And winning through superior technology may be "true" but it doesn't help us tell satisfying stories of forza vs. frodo: instead it helps us tell colonial stories. Which, again, might be fine for sword v planet.

trollsmyth said...

Roger: I shouldn't be surprised at all, but... o.O

5stonegames: Against lightly armored opponents, unless the lighters can choose the battlefield armor is trump.

True, but, and the but is wide-ranging. For instance, the first foes of the Zulus, when Shaka was still in charge, were not westerners with guns, but other local sub-saharan tribes. Shaka purposefully made his warriors fight barefoot to toughen up their feet. They could have worn more armour (they certainly had cow-hide and other materials) and it would have been effective against the arrows and javelins of their foes. But it was deemed unnecessary for whatever reasons.

As for the Greeks, long before Alexander, they'd been dropping bits and pieces from their armour for quite some time, larger because it was horribly cumbersome and uncomfortable. It had nothing to do with cost, and everything to do with the loss of effectiveness something suffers when you just don't want to bother with it, or it exhausts you. (See this book for more info.)

Also, don't underestimate the power of culture. Klauswitzian total war is rarely seen because people just don't fight that way, and most cultures have limitations on how they fight to minimize the damage and hardship, while preserving whatever it is they're fighting over. Those naked Aztecs were also fighting with skills and techniques focused on bringing back captives for sacrifice, another in a number of handicaps they struggled with when fighting the Spanish, who only hoped to kill and live against far greater numbers.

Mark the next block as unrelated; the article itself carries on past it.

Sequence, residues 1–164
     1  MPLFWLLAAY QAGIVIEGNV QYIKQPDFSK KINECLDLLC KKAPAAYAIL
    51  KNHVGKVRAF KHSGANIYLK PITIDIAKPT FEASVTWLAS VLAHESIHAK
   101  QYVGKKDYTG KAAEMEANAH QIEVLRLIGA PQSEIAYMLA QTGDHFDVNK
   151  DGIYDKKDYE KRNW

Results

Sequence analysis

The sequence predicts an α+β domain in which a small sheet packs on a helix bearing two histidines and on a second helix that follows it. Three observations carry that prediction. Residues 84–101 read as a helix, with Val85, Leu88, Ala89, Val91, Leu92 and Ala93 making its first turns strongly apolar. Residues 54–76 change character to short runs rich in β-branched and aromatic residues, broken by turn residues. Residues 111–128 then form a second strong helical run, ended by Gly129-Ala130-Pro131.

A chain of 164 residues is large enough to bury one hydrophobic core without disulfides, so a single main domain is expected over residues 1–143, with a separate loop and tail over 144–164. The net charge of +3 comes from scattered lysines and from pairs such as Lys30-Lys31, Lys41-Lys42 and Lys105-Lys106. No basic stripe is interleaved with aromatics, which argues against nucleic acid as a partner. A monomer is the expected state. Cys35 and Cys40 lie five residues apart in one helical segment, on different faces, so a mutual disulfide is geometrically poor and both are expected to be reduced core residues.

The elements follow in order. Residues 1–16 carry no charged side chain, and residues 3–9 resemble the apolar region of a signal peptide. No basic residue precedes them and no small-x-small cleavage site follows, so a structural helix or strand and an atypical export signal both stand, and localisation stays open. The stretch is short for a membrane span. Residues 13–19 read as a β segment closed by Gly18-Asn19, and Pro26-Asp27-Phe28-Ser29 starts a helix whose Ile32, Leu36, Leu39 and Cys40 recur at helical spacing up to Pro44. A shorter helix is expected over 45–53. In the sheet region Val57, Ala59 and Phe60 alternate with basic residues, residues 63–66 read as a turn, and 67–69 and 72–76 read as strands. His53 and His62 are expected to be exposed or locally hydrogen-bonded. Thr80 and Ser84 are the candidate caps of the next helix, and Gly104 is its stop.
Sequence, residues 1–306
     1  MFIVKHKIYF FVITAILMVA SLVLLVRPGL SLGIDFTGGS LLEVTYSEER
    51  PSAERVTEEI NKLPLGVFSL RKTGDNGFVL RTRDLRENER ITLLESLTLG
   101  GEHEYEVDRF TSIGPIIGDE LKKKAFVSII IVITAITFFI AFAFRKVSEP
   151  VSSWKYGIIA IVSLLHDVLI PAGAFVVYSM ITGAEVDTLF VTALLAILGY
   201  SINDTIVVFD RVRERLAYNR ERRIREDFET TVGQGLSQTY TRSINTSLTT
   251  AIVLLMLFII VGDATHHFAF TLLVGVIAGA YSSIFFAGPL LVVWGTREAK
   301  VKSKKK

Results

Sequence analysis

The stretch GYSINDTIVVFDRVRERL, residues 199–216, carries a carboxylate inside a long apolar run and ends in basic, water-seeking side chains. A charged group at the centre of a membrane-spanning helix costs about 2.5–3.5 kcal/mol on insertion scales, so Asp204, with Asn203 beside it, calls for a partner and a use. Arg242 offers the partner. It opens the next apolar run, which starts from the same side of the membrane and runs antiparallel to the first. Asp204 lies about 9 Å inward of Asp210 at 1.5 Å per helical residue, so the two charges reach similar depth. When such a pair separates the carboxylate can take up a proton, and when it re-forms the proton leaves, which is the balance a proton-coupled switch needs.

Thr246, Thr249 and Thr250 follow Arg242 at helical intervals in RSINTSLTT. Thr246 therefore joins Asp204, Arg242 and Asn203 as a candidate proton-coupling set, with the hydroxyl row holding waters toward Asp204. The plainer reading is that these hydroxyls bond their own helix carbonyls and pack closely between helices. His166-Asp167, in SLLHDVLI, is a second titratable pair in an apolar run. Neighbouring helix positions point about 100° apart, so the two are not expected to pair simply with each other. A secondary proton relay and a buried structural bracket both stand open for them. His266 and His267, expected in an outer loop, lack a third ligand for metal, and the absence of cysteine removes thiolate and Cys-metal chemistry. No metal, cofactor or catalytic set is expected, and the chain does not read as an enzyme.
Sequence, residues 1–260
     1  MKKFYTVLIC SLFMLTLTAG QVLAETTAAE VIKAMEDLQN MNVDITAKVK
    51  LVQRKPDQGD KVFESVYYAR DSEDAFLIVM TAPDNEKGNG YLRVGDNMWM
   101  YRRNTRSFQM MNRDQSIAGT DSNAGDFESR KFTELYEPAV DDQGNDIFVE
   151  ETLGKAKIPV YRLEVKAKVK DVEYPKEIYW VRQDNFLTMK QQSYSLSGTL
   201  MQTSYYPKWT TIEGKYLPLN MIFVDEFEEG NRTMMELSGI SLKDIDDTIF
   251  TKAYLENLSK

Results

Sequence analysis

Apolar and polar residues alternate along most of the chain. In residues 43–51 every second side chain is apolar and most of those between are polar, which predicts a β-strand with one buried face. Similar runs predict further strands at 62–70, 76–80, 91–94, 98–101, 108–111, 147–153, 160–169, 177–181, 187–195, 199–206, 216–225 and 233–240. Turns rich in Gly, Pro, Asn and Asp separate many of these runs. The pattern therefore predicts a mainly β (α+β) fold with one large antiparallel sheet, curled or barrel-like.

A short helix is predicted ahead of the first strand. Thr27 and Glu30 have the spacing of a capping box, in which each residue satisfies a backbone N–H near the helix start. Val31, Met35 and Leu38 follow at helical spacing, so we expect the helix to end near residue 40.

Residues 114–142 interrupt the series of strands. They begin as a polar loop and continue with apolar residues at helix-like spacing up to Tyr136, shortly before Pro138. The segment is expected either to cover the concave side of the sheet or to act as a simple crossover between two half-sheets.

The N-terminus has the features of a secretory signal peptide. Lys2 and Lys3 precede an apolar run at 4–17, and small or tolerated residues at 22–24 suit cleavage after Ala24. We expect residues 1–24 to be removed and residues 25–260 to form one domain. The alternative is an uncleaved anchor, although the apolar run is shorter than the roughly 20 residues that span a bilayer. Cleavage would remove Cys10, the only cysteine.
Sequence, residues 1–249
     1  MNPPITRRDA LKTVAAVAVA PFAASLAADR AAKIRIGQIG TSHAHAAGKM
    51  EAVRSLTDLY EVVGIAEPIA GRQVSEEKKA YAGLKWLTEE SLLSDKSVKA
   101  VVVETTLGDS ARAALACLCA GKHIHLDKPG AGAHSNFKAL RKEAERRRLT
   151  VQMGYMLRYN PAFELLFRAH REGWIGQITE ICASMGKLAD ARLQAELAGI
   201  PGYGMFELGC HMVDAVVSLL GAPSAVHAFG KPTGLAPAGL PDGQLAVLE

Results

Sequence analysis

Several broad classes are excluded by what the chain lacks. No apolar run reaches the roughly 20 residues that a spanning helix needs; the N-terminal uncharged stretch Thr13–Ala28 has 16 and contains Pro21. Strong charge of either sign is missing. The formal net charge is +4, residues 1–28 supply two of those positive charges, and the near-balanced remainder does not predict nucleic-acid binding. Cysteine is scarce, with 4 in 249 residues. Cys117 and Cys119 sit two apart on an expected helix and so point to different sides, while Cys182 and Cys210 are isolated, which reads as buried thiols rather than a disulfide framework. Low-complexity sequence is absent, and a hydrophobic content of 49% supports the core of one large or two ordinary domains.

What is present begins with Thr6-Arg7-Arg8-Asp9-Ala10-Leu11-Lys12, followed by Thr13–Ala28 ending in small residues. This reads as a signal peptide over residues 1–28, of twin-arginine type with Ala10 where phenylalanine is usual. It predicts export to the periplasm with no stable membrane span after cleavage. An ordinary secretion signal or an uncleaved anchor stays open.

That said, yeah, the stuff is effective. The Romans did win, after all.

Alex: Yeah, the trick is overcoming our biases to create models in which we get the behavior we want. That means either making armour a terrible burden or less effective than other options.

I'm wondering, though, if there are other options I haven't thought of. I'd be surprised if there weren't.

Richard: Yeah, among those who've studied such things, the general thought is that shields are not nearly as effective as they should be. But historical accuracy was never really a strong suit of D&D combat. ;) Hence, I feel no compunctions against tweaking it to make the naked warrior a more effective combatant, though I'm still Western enough to insist on a rational justification, even if it's based on magic.